Therapeutic Strategies

Individual Therapy

Therapeutic StrategiesThe first several sessions of therapy are dedicated to creating a trusting and safe relationship between the therapist and the client. Together, they look to identify and set plans to reach personal, social and professional goals. Individual therapy sessions can utilize several modalities depending on the concerns facing the client. The length of time a person may be involved in individual therapy depends on a number of factors which become apparent as the treatment unfolds.

Couples Therapy

Couple therapy differs from individual therapy as we focus on concerns regarding the relationship. Some of the more common difficulties arise through poor communication habits, intimacy conflicts, changes in medical financial or family health, or decisions to separate and restart a life without each other.

Crisis Intervention

There are times in people’s lives that a situation arises and one feel’s unable to cope with immediate emotions or find a way to work out a solution to the problem without help. The major goals of crisis intervention are to assure safety, stabilize the person or situation and to assist in the beginning of a plan to change the situation. This may involve other people, like family members or close friends and professional help. Crisis intervention is a temporary aide and a bridge to more lasting forms of assistance.

Critical Incident Stress Management (CISM)

for the past 28 years, I have worked with first responders (Fire service, EMT’s, Police, and Sheriff Department personnel) following their work in traumatic situations involving severe injury and death. Critical incident stress management programs are widely used throughout the United States as a primary means to assist first responders in processing their thoughts and reactions to these terrible events. There are a number of programs and techniques used to work with primary responders and their families to assist with adjustment and stability.

Development & Training Programs

In-service continuing education is the primary source of new learning for staff in skilled nursing facilities, assisted living centers, and local and state organizations serving the Geropsychology population. As a staff psychologist and consultant to programs dedicated to serving this population, Dr. Gelber has been able to provide up-to-date training and expertise to assure the highest quality and consistency of care.

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3 thoughts on “Therapeutic Strategies

  1. Kathleen Harrison

    Thank you Dr. Gelber for your reply. My sister did have a physiologist that deals with dementia patients coming to the house but their schedules don’t coincide. I’m urging her to get him to come back. She really responded to him. Thank you again.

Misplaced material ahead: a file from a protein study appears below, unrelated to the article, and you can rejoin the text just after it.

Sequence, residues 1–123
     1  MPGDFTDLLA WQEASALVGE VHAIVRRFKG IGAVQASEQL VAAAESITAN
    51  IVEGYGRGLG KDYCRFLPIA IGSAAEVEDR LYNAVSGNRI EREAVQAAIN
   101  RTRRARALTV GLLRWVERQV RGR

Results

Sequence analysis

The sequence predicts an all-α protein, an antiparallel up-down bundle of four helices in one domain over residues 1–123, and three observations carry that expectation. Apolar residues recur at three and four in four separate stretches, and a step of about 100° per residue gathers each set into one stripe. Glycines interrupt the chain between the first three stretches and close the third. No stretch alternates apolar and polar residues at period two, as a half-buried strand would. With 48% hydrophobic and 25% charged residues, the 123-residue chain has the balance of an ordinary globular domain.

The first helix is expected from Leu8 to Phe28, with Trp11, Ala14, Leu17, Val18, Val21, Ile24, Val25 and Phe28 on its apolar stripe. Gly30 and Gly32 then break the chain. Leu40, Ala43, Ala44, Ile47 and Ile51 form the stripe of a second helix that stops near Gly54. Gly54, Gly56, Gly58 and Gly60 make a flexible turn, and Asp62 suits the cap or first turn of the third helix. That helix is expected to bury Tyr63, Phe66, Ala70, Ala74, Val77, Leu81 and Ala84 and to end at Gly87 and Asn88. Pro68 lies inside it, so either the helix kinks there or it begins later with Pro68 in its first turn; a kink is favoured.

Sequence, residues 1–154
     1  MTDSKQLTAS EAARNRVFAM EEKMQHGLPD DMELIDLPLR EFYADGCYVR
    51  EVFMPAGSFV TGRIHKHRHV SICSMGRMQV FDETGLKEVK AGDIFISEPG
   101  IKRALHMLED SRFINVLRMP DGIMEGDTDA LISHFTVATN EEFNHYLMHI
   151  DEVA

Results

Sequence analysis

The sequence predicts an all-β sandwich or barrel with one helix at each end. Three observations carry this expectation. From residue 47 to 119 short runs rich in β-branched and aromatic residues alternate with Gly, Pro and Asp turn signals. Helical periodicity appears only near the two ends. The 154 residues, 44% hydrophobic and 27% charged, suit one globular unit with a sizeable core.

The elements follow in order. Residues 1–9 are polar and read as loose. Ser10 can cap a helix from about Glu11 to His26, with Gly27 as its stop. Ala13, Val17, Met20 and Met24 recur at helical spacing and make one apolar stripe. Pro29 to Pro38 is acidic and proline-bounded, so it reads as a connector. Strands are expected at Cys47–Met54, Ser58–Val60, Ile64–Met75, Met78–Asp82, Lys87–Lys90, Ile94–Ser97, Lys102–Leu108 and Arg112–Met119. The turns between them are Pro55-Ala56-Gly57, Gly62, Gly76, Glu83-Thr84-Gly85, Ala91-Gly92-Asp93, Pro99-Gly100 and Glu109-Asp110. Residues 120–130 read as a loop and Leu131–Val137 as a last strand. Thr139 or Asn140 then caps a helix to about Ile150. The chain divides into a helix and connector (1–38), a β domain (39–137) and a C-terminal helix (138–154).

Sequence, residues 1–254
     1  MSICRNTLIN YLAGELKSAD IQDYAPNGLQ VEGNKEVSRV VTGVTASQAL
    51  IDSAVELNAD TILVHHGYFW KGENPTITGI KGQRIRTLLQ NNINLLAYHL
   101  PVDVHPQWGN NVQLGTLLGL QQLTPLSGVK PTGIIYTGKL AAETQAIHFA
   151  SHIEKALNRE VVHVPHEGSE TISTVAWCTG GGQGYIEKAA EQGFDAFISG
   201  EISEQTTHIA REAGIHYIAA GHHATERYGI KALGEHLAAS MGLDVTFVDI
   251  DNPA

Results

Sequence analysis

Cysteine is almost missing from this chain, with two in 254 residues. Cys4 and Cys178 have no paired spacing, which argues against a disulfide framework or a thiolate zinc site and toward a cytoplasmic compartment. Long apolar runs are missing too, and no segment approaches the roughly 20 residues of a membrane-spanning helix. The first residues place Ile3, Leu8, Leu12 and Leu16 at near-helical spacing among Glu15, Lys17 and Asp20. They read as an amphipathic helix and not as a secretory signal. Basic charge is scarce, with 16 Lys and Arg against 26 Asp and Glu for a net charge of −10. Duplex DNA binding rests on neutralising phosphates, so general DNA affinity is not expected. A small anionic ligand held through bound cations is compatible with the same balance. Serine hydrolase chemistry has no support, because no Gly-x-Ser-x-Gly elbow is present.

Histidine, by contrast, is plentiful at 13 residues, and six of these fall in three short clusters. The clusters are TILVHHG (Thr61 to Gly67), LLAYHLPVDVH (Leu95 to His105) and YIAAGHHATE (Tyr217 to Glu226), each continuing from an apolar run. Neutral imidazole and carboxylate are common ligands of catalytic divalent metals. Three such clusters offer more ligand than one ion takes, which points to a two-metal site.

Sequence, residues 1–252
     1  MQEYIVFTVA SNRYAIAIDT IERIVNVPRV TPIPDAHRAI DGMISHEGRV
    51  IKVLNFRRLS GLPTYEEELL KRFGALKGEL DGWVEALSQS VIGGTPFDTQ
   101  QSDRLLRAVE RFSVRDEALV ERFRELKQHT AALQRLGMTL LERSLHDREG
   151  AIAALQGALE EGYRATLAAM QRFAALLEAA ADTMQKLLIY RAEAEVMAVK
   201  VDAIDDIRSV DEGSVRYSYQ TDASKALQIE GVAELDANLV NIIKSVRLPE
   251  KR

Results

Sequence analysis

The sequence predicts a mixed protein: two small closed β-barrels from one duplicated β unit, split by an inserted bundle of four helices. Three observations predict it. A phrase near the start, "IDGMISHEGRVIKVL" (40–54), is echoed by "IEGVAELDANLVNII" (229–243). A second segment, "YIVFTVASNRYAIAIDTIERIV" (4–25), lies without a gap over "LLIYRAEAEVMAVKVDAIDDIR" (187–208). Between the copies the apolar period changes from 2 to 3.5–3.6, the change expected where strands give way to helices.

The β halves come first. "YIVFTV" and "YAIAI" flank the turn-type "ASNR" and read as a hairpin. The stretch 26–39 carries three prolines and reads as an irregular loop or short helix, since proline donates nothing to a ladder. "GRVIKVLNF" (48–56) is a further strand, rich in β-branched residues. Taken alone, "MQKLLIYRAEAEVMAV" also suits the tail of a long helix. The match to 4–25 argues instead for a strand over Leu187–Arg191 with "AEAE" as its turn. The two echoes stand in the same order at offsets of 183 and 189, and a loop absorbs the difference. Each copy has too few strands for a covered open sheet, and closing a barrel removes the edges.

2. Kathleen Harrison

    Hello Dr. Gelber,
    I have been to a few of your talks and have purchased your book “Alzheimer’s Shadow” for myself and one for my sister. Our mother has Alzheimer’s dementia. This past January an unexpected death of our brother forced us to take her out of her home. My sister moved her from Pennsylvania to Florida. We did not tell her she was not going to go back to her home and in the evenings she gets very agitated about going home. My sister also took the cat because it is Mom’s companion and felt she needed at least that in her new environment. I know you have said that it is not wise to move them from one place to another but we had very little choice and Mom is not adjusting to living with my sister and husband. My sister has found a Memory Care facility near her home that will open in September. Anyway, in the last two months Mom has started to use the little box at night as her bathroom for bowel movement. The litter box and the cat are kept in her room because the cat has not adjusted well to my sisters other cats. This is such a strange behavior and has us baffled. There is a potty chair in her room which she does use sometimes at night to pee and does make several trips to the bathroom during the night. During the day she has no issues with using the bathroom and when asked about using the litter box she says it’s the cat. I am going to Florida to visit and am thinking that maybe I should sleep in her room and try to change that behavior. Do you have any thoughts on why she is doing this? It all sounds so strange to us. Maybe this is just the disease or is she acting out about not being in her home. She thinks her home is the farm that she grew up on and was sold in the 1940’s. I fear for her going to memory care and I feel this will just push her further over the edge. Any insight would be appreciated.

    • Kathleen:
      Thanks for the inquiry. I am sorry to hear about your unexpected loss and I am sure the entire family grieves, including your mom. I cannot give direct advice to your situation with having a limited perspective. It does sound like there are several transitions going on for your mom with the complexity of changes with the move, the loss of her son and the progression of the disease. It is not uncommon to have people with growing dementia become inappropriate with their hygiene issues. Sometimes the behavior, as in mom’s case, is very direct and disturbing.

      With the information you have provided, I strongly suggest you have your sister and mom connect with a professional knowledgeable in dementia to evaluate and establish a relationship with them. Considering the plan is to have her remain in the area, it is better to establish new professional alliances prior to admission to another facility. If your mom is having increased anxiety or other secondary symptoms, having a knowledgeable professional involved would help relieve everyone’s added stress.

      I hope you and your family can move through this transition more peacefully.

      respectfully
      Dr. Gelber

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